Format

Send to

Choose Destination
PLoS Negl Trop Dis. 2017 Jul 10;11(7):e0005734. doi: 10.1371/journal.pntd.0005734. eCollection 2017 Jul.

A novel, species-specific, real-time PCR assay for the detection of the emerging zoonotic parasite Ancylostoma ceylanicum in human stool.

Author information

1
Department of Biological Sciences, Smith College, Northampton, Massachusetts, United States of America.
2
Molecular and Cellular Biology Program, University of Massachusetts, Amherst, Massachusetts, United States of America.
3
Faculty of Veterinary and Agricultural Science, University of Melbourne, Parkville, Australia.
4
Clinical Medical Laboratory, QIMR Berghofer Medical Research Institute, Herston, Queensland, Australia.
5
Instituto de Investigaciones en Enfermedades Tropicales, Universidad Nacional de Salta/CONICET, Orán, Argentina.
6
Instituto de Patología Experimental (IPE-CONICET), Facultad de Ciencias de la Salud, Universidad Nacional de Salta, Salta, Argentina.
7
National School of Tropical Medicine, Baylor College of Medicine, Houston, Texas, United States of America.

Abstract

BACKGROUND:

Molecular-based surveys have indicated that Ancylostoma ceylanicum, a zoonotic hookworm, is likely the second most prevalent hookworm species infecting humans in Asia. Most current PCR-based diagnostic options for the detection of Ancylostoma species target the Internal Transcribed Spacer (ITS) regions of the ribosomal gene cluster. These regions possess a considerable degree of conservation among the species of this genus and this conservation can lead to the misidentification of infecting species or require additional labor for accurate species-level determination. We have developed a novel, real-time PCR-based assay for the sensitive and species-specific detection of A. ceylanicum that targets a non-coding, highly repetitive genomic DNA element. Comparative testing of this PCR assay with an assay that targets ITS sequences was conducted on field-collected samples from Argentina and Timor-Leste to provide further evidence of the sensitivity and species-specificity of this assay.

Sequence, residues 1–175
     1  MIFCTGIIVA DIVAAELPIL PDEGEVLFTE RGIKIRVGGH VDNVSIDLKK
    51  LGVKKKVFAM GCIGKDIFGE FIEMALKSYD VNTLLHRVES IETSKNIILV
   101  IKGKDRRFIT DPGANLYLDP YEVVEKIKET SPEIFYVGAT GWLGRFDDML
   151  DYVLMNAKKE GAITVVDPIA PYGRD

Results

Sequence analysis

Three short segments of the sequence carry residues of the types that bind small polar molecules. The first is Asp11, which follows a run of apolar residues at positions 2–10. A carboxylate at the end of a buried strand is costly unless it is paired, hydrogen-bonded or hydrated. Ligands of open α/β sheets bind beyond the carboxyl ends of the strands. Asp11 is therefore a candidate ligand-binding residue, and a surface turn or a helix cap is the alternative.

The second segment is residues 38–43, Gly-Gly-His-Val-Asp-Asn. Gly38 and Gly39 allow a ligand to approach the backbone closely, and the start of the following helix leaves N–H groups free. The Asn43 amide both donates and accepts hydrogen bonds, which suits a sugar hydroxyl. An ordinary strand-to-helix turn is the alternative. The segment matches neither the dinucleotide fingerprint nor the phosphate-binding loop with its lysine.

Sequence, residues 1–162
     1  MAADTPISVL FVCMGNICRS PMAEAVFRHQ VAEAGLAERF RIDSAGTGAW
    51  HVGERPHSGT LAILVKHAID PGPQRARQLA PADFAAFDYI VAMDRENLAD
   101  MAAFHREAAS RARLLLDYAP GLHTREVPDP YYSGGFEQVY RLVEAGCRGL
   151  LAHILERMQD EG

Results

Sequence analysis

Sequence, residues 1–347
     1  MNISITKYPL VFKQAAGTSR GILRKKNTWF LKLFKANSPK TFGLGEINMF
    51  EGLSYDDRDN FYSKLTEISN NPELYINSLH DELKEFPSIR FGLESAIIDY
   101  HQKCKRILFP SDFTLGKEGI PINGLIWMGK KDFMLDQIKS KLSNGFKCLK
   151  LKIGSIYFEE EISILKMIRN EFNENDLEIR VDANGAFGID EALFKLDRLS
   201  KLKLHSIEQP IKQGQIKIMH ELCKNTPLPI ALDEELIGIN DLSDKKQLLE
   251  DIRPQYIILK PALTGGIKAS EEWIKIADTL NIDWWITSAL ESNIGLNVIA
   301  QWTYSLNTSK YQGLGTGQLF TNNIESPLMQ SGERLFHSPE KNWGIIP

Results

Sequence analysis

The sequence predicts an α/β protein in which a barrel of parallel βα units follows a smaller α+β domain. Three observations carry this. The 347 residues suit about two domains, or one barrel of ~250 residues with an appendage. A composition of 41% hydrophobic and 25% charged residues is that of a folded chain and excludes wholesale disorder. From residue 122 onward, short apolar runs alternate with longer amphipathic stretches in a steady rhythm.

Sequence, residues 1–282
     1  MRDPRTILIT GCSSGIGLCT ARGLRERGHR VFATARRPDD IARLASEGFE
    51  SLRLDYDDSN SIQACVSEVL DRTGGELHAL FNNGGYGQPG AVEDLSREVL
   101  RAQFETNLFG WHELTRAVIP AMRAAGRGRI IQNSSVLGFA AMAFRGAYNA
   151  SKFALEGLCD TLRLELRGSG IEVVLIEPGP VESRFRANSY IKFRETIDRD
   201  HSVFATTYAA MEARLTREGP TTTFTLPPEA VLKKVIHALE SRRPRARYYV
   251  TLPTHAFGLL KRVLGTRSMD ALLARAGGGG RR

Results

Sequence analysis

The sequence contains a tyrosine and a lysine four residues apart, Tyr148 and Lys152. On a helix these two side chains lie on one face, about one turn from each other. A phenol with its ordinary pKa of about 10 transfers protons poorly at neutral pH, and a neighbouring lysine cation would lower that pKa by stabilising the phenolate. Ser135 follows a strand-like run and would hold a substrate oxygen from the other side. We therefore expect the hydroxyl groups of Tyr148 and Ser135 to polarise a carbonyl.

METHODS/PRINCIPAL FINDINGS:

A previously described platform for the design of primers/probe targeting non-coding highly repetitive regions was used for the development of this novel assay. The assay's limits of detection (sensitivity) and cross-reactivity with other soil-transmitted helminth species (specificity) were assessed with real-time PCR experiments. The assay was successfully used to identify infections caused by A. ceylanicum that were previously only identified to the genus level as Ancylostoma spp. when analyzed using other published primer-probe pairings. Further proof of sensitive, species-specific detection was provided using a published, semi-nested restriction fragment length polymorphism-PCR assay that differentiates between Ancylostoma species.

CONCLUSIONS/SIGNIFICANCE:

Due to the close proximity of people and domestic/wild animals in many regions of the world, the potential for zoonotic infections is substantial. Sensitive tools enabling the screening for different soil-transmitted helminth infections are essential to the success of mass deworming efforts and facilitate the appropriate interpretation of data. This study describes a novel, species-specific, real-time PCR-based assay for the detection of A. ceylanicum that will help to address the need for such tools in integrated STH deworming programs.

TRIAL REGISTRATION:

ANZCTR.org.au ACTRN12614000680662.

PMID:
28692668
PMCID:
PMC5519186
DOI:
10.1371/journal.pntd.0005734
[Indexed for MEDLINE]
Free PMC Article

Supplemental Content

Full text links

Icon for Public Library of Science Icon for PubMed Central
Loading ...
Support Center